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With the Chargers downtown stadium search continuing to move quickly, I wanted to address a couple of issues that readers and commenters are raising.

  • Last Friday, team special counsel and stadium point man Mark Fabiani told me the stadium’s capacity would be 64,000. Commenters and readers noted that the NFL requires 70,000 seats for a stadium to host the Super Bowl.

I asked Fabiani about that issue this week and he said stadium plans include expandable temporary seating to reach the Super Bowl threshold.

“It’s designed to be expanded,” Fabiani said. “It’s not like you’re setting up a bunch of folding chairs.”

Expandable seating is also part of the San Francisco 49ers plan for a new stadium in Santa Clara. Its capacity is 68,500 seats with potential expansion to 75,000.

Another reason for the Chargers to build 64,000-seat stadium, Fabiani said, would be to keep construction costs down.

“It’s pretty much a direct and proportional reduction in cost the fewer seats that you have,” he said.

  • In last Friday’s post, I mentioned briefly a geological fault line that’s located in the Tailgate Park portion of the stadium site. Fabiani said he was unconcerned.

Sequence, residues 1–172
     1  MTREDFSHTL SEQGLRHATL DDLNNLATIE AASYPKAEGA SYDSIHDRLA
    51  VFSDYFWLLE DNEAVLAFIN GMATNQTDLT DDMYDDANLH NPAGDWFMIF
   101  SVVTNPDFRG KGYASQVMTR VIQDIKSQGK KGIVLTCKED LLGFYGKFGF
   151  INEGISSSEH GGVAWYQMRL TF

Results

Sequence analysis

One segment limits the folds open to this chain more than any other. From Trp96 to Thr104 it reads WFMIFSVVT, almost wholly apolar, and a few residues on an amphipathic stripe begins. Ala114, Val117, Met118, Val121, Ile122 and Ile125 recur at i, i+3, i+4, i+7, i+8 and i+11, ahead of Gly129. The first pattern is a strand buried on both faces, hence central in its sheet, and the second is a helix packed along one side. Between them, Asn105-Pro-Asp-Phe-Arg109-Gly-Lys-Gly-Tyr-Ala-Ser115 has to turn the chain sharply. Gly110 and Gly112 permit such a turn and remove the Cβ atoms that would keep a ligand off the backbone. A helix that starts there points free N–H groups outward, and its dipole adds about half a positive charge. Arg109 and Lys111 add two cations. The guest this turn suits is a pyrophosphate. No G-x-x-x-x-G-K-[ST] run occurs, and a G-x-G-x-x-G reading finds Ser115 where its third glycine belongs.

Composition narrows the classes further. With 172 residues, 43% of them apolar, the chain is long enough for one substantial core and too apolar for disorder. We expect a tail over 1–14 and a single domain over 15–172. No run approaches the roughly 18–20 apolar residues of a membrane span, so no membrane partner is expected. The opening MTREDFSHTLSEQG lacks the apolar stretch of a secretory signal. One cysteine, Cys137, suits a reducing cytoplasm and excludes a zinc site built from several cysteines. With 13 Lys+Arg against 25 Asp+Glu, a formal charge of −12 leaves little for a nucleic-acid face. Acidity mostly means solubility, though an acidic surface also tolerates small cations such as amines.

But the fault line was part of the reason the task force that examined the city’s Convention Center rejected Tailgate Park as a potential expansion site.

A task force consultant, Tucker Sadler, explained the problem at a June meeting.

The one thing we found in looking at this is there is a fault that goes right through the site. It actually severs the site. While we thought we had a contiguous site, what we have is a site that’s divided in half. There’s also some very large culverts that run right through Tailgate Park making it a little more difficult to work through.

A slide showing the fault line is on page 13 of this document.

I brought up the matter to Fabiani again and he said the team has been aware of the fault line since it began looking at the site in January.

“It’s the first thing we checked,” he said.

The team’s architects are convinced they could design a stadium around it, he added.

— LIAM DILLON

Dagny Salas

Dagny Salas was web editor at Voice of San Diego from 2010 to 2013. She was an investigative fellow at VOSD from 2009 to 2010.

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